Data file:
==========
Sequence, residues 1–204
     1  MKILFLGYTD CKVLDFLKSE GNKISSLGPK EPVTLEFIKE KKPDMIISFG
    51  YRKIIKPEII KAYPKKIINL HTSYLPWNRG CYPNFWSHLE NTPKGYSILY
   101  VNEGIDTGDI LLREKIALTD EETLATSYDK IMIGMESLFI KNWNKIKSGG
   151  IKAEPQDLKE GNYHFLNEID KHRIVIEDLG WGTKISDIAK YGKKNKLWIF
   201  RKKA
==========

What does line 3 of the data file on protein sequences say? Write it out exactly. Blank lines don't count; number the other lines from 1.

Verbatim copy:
    51  YRKIIKPEII KAYPKKIINL HTSYLPWNRG CYPNFWSHLE NTPKGYSILY